Ten years ago—on June 29, 2007—the very first iPhone hit the market, and the world hasn’t looked back since. To celebrate its milestone birthday, here are 10 facts about this amazing device.
Three for the price of one.
Apple co-founder Steve Jobs had a bit of fun during the unveiling of the iPhone, which took place at the Macworld Convention in early January 2007. During his keynote address, Jobs announced to a spellbound crowd that Apple was planning to roll out three new revolutionary devices: a wide-screen iPod with touch-screen control, a sophisticated mobile phone, and a portable Internet communications device. Not surprisingly, the audience broke out into thunderous applause when Jobs delivered the punch line: all three of these gadgets would actually be combined into one single, breakthrough device.
The iPhone was top secret.
It makes sense that the iPhone’s unveiling was greeted with such surprise and excitement when you consider that the project to build the device was a top-secret undertaking (it even had a top-secret code name: “Purple”). No external employees were permitted to work on the project. Only current Apple employees were allowed to be included. Even then, they weren’t allowed to know what exactly they were working on.
A new name for a new era.
Apple’s unveiling of the original iPhone led to another surprising announcement: the news that the company had decided to drop “computer” from its name, thus making the switch from Apple Computer, Inc., to just Apple, Inc. The move signaled Apple’s intention to move beyond its popular chain of Macintosh computers and focus on expanding into other areas of consumer electronics. As Steve Jobs said in his announcement of the name change: “The Mac, iPod, Apple TV, and iPhone. Only one of those is a computer.”
A mixed reception.
It’s interesting to look back now on the decidedly mixed reception that the iPhone received when it initially launched. The revolutionary device was named the “Invention of the Year” by Time Magazine, a highly coveted honor. However, there were plenty of skeptics and naysayers, as well. Of these, Microsoft’s then-CEO Steve Ballmer was perhaps the biggest critics, famously (and, we can now say, regrettably) declaring, “There’s no chance that the iPhone is going to get any significant market share.”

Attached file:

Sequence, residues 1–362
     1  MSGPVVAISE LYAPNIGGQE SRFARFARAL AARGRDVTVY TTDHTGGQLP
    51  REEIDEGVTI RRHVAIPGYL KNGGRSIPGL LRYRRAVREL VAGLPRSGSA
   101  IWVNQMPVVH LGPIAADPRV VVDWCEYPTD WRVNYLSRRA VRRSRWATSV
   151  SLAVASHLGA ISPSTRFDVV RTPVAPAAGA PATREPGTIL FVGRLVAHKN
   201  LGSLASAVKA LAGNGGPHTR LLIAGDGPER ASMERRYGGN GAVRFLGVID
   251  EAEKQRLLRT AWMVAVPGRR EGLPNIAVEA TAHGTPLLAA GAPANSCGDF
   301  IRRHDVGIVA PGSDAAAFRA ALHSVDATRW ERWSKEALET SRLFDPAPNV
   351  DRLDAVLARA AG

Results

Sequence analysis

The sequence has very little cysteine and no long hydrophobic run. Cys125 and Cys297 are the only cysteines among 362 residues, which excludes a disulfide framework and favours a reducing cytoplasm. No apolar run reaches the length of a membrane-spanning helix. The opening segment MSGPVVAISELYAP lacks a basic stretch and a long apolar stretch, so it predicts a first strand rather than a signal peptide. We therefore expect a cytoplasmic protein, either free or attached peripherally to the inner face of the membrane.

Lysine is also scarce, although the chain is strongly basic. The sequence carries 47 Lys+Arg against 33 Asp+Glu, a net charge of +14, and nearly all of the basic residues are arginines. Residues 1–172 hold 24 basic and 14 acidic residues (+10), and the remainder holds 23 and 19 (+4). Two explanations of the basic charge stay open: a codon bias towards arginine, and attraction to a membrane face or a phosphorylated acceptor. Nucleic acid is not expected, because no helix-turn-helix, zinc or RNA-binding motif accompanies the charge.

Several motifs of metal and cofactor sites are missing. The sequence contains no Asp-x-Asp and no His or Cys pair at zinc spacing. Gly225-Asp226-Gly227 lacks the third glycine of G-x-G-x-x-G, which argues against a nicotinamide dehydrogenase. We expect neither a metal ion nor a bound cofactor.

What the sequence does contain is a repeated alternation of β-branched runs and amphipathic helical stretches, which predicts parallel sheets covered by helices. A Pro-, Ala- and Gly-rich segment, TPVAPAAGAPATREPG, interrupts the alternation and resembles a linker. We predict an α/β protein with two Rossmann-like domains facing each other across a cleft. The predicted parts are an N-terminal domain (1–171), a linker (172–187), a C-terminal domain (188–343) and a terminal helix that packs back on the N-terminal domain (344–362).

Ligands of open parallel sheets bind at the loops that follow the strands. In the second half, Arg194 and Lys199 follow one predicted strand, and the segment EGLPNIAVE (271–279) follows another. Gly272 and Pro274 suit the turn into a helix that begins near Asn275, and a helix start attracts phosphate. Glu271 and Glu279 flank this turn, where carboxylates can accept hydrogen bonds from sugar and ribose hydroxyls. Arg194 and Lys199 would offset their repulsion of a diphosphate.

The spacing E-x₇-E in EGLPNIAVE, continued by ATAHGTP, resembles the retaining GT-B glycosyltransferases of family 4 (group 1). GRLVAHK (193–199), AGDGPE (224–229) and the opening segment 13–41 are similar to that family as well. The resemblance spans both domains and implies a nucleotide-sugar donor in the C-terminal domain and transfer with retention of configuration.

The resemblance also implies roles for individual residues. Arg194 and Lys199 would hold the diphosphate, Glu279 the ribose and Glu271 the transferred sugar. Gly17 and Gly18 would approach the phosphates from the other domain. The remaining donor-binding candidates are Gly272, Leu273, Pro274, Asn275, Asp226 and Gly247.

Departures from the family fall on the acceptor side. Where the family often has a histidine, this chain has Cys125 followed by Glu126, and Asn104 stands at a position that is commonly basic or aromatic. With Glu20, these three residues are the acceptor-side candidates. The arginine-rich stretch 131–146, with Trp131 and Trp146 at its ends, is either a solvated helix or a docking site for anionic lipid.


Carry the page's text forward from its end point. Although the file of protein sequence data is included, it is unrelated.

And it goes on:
The world’s most valuable company.
Steve Ballmer’s prediction couldn’t have been more wrong. The launch of the iPhone drove massive growth for Apple, eventually transforming the tech giant into the world’s most valuable company. Over the course of 10 years since the release of the iPhone, Apple’s business grew by more than 10 times. By 2016, the iPhone was driving 63% of Apple sales.
More than 1 billion served.
While Apple rarely reveals explicit numbers, this one is worth boasting about. During the reveal of the iPhone 7 in 2016, Apple CEO Tim Cook announced that the company had sold more than 1 billion iPhones since the device first launched.
200 patents for one device.
Over the course of the iPhone’s 10-year life span, Apple has filed over 200 patents related to different aspects of the iPhone’s technology. Many of these patents are concerned with making it easier and more effective for publishers and developers to interact with iPhone users. For example, some of the iPhone’s most recent filings include patents for over-the-air, automatic updates.
If you can’t beat them, join them.
It’s no secret that the tech world is notoriously cutthroat, with the industry’s major players never missing an opportunity to put one over on their competitors. And yet, behind the scenes, a whole other story is taking place. Samsung, one of Apple’s major rivals, has been manufacturing processors for the iPhone from the very beginning (the partnership was disrupted for several years in the early 2010s, but Samsung is set once again to be the iPhone’s main supplier as of this year). So why exactly would a company like Samsung make high-quality parts for a competitor? The answer is simple: it helps Samsung make money.
The secret behind 9:41.
Have you ever wondered why ads for the iPhone almost always show the device’s clock standing at 9:41? It’s a reference to the specific time that the original iPhone was unveiled, which was in turn part of a carefully scripted process. As described by former Apple executive Scott Forstall, Apple product launch keynotes are designed to have the big reveal of the product taking place around 40 minutes into the presentation. When the big image of the product is shown on-screen, the goal is to have the time shown be as close as possible to the actual time.
A long way down.
The next time you drop your iPhone on the floor, just think of skydiver Jarrod McKinney, who dropped his device while jumping from 13,000 feet. Amazingly, when the iPhone was recovered, it was still fully functional. The only damage it suffered was a cracked screen.